The surface got further away, with him still watching, and I couldn't hold onto my breath any longer. I drew a deep lungful of water. It burned all the way down and felt ironically very dry. It hurt like nothing I'd ever experienced, and I was still feeling that pain as I started to lose consciousness. The man in question was a generation older, perhaps in his early fifties, and I recognised him immediately with a shock of horror when I did a Reiki seminar in the 1980s. And although I can swim, I'm not keen on it, and absolutely hate to immerse my face in water.

There was one death that was completely different, peaceful and even lovely. I was again female, and very, very old, small and frail. I lived in a small village, I believe in a mainland European country - which, I don't know. I was being looked-after by my grandson, who was old enough to have grey hair himself. I wasn't in any pain, but I somehow knew I was dying and didn't have much time, and I prevailed upon him to take me into the forest, because if I died in the village they would have had a Christian funeral-rite performed over me, and I didn't want that.

Eventually he agreed, and we walked out of the tiny, smoke-filled cottage and out of the village. We passed a stone well, and suddenly we were in the forest, surrounded by deciduous trees wearing all of their leaves but all in Autumn colours. I got tired and started having pain, so he picked me up and carried me in his arms like a child. I was very tiny and he was quite solid - it wasn't so bad for him. Cradled in his arms, I looked around.

We were looking for a fallen tree, and we checked a few before I found the right one, one riddled and rotten with termites or something. He put me down gently, took up a stone, and started scraping away at the wood to create a hollow. It took a long time. When it was ready I lay down in the hollow and looked up at his face above me. He made eye contact and held it. Dying took a long time. We didn't speak, we just watched each other. I could feel myself slowly ebbing away, slipping further and further from life. He just watched. I reached a point where breathing was too much effort, so I stopped. He bent down, picked up a handful of fallen leaves, and scattered them gently over my body as a symbolic burial, then turned around, his face full of sadness, and walked out of my field of vision. As far as I know, he never looked back. I lost consciousness shortly afterwards, feeling happy and satisfied.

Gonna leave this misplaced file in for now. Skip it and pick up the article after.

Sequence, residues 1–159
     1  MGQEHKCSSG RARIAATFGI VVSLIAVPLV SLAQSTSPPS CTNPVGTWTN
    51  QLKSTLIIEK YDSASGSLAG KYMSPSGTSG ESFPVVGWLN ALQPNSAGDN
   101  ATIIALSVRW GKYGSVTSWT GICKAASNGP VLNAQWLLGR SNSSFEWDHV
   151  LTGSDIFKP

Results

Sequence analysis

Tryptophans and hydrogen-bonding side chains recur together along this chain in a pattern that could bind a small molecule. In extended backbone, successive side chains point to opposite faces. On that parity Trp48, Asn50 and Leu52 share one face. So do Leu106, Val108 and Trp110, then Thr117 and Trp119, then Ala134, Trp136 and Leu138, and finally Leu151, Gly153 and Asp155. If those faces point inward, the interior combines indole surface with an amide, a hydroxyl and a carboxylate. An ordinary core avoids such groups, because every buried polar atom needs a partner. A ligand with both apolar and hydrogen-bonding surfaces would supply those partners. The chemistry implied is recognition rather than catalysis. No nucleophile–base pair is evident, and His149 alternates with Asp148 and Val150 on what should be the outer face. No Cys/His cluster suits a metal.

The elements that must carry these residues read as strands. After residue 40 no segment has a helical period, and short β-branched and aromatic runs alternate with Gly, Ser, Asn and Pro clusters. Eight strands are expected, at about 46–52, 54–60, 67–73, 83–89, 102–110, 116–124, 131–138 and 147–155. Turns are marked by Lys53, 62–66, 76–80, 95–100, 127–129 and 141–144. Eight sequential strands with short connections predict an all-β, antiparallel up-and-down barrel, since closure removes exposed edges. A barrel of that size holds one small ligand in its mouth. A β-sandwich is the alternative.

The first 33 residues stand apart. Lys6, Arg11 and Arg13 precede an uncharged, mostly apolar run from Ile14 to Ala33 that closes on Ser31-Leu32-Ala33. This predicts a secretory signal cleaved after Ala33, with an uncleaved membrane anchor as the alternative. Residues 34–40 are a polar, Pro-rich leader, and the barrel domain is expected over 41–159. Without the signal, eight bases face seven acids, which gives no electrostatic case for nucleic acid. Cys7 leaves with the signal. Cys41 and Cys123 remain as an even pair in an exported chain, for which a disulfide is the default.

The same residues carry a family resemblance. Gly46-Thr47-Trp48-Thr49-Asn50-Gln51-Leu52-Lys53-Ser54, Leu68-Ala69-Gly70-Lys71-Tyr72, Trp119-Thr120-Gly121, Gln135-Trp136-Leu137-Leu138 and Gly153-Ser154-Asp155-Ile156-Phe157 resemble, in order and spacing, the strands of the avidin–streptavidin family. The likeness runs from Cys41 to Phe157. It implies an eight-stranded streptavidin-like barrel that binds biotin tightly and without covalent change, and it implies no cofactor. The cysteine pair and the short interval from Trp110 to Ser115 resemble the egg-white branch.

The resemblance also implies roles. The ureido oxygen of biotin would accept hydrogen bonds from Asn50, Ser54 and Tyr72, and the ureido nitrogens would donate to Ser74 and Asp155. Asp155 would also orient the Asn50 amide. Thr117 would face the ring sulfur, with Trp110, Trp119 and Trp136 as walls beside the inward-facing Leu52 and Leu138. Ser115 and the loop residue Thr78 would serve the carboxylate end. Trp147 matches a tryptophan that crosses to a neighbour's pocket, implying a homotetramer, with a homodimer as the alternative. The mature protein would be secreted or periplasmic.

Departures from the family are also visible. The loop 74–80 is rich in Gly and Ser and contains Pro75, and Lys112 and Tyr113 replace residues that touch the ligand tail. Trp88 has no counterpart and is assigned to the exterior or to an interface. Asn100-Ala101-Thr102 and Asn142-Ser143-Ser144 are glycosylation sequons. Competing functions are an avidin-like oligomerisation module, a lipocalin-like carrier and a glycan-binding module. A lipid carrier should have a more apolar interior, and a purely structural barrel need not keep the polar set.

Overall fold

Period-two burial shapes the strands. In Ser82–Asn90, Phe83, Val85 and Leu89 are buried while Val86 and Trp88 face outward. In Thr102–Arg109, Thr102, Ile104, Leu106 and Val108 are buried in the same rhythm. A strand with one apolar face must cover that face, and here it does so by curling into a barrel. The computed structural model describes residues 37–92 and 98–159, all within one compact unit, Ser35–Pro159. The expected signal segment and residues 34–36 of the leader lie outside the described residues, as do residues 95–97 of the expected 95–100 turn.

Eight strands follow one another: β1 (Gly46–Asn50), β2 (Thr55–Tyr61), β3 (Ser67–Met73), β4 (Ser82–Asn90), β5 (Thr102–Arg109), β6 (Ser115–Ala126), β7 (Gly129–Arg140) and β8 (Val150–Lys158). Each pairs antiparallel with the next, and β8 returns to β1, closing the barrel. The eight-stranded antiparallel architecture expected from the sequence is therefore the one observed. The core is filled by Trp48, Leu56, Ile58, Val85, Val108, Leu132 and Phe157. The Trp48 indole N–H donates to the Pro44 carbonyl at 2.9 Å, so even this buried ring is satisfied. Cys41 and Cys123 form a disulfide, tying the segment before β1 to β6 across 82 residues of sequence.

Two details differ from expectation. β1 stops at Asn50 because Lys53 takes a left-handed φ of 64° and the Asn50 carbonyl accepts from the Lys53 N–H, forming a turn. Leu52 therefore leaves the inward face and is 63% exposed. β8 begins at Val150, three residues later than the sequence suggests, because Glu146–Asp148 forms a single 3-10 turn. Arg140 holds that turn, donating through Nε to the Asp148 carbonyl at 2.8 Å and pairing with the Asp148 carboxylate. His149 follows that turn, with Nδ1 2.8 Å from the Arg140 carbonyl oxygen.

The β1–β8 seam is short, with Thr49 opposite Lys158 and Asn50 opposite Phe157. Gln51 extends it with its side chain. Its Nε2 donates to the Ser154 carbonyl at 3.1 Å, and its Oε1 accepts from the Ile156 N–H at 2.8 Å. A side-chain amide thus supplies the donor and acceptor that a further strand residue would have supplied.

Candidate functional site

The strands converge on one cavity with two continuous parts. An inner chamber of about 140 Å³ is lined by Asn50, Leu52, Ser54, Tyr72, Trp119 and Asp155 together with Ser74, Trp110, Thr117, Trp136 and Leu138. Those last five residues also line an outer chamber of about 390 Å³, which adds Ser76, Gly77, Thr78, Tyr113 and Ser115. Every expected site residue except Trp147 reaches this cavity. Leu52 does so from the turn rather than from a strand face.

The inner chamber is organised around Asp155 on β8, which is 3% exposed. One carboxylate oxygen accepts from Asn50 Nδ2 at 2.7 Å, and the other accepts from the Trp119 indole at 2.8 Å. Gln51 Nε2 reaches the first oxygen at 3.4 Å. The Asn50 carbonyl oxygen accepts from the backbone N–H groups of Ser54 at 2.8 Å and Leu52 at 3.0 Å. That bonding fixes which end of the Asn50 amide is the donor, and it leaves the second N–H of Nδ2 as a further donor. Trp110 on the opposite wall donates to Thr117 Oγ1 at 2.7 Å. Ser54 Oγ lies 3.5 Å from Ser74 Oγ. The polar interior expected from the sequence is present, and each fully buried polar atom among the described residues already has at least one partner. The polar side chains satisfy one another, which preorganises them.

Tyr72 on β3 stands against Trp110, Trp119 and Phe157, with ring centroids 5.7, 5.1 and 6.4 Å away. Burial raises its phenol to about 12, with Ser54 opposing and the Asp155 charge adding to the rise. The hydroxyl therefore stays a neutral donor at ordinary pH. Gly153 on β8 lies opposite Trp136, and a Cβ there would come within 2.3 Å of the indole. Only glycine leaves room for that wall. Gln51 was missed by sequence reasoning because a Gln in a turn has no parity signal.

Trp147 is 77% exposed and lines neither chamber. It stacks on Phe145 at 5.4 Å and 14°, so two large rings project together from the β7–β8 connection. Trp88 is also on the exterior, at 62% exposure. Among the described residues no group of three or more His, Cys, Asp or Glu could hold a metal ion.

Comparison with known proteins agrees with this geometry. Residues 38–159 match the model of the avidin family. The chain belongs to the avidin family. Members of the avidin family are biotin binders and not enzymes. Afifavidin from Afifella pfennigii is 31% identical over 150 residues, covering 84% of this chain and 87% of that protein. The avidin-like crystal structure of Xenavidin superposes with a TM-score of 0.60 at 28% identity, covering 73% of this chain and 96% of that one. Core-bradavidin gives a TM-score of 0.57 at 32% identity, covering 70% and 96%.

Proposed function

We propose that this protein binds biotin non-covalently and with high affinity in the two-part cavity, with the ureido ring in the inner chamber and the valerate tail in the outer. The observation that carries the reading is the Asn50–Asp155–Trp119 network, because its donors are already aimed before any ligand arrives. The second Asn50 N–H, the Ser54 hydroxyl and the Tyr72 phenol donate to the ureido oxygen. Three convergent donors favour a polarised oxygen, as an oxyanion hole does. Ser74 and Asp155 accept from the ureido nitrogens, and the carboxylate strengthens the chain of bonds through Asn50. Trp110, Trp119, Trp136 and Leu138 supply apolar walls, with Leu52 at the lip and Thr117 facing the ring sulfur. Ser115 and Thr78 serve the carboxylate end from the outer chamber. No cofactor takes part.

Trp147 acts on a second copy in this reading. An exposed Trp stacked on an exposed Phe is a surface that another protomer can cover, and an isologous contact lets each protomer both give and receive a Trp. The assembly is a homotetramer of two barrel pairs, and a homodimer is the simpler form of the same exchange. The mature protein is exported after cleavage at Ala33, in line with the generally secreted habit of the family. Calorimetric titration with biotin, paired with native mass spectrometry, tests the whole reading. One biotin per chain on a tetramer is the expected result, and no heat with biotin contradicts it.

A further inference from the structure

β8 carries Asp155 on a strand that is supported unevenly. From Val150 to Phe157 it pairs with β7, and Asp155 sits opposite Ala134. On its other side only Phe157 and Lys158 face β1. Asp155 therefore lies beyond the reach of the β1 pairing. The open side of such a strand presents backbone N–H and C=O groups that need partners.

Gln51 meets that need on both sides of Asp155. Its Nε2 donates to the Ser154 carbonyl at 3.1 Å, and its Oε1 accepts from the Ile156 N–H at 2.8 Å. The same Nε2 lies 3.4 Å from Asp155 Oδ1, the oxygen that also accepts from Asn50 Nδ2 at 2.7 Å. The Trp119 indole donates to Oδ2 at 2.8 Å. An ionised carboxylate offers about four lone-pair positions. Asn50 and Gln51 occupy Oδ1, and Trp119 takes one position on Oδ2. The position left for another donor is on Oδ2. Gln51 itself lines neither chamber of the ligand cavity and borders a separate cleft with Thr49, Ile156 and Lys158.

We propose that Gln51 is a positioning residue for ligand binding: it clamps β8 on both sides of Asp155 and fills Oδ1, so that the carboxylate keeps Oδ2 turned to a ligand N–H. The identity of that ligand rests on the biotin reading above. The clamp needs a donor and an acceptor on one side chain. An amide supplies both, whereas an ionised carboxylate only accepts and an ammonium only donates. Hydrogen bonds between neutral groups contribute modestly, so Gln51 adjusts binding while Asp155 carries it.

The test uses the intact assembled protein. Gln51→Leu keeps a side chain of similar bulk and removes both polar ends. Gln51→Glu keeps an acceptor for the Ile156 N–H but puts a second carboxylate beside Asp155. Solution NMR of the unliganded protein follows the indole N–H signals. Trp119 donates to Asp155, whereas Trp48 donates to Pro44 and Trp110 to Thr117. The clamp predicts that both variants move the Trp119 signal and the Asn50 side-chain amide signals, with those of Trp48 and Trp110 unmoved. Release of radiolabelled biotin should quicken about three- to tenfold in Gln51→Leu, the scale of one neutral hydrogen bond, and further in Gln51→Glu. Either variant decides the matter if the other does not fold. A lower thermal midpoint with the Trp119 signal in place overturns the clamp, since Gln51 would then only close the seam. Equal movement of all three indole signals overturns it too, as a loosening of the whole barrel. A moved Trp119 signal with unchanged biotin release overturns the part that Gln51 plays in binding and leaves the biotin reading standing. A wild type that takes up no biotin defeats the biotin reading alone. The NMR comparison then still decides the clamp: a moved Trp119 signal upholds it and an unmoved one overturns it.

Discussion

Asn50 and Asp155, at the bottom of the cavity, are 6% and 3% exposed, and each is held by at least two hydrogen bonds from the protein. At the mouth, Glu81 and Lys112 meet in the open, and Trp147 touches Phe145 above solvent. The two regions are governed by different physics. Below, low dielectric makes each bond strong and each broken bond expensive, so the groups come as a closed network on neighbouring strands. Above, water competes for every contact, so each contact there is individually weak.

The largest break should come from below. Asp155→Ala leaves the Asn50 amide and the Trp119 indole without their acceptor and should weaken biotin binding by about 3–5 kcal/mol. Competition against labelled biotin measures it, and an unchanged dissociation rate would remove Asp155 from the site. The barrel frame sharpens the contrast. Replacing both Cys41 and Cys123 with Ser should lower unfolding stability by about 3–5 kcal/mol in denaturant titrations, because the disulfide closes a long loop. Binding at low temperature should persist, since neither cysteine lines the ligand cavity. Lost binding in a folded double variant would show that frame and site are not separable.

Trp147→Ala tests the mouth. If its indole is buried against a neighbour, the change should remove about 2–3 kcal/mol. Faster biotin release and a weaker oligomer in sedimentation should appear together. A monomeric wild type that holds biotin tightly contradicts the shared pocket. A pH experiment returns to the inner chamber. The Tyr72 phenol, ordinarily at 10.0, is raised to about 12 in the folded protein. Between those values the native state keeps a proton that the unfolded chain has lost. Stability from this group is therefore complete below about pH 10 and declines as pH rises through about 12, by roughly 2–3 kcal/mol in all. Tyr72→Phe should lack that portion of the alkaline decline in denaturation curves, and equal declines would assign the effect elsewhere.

Yes, it's mostly the deaths I remember. I also have a fleeting recall of walking over a cobblestone road in London (don't ask me how I know it was London, I just knew), and sitting in a dark, dirty cafe somewhere, eating hot smoked eel.

And on an occasion when I was washing dishes, I recalled everything except the first seven years of the life of one of my blood-ancestors, giving the lie, incidentally, to a number of family fables concerning her. But that's a little bit personal for a blog, frankly, and it was only the once.

Generally, it's just the deaths I remember.

Monday, August 22, 2011

Becoming a Fan

I don't do being a fan. I don't go weak at the knees at celebrities. I don't follow a football team. My patriotism is predicated on my being a member of the human race, and a resident of planet earth. I don't even know how to read rank on military or police uniforms.

So I surprised myself, this past weekend. I became a fan.

I am currently sharing my house with someone who doesn't inconvenience me in any way. He does his stuff, I do mine. In between times, we watch Time Team and Minuscule together whenever our schedules allow, and have a meal at home together once a fortnight or so, with neither of us particularly expecting to be fed by the other, or expecting to have to do the cooking. Housework is very ad hoc - but no more so than when I lived alone.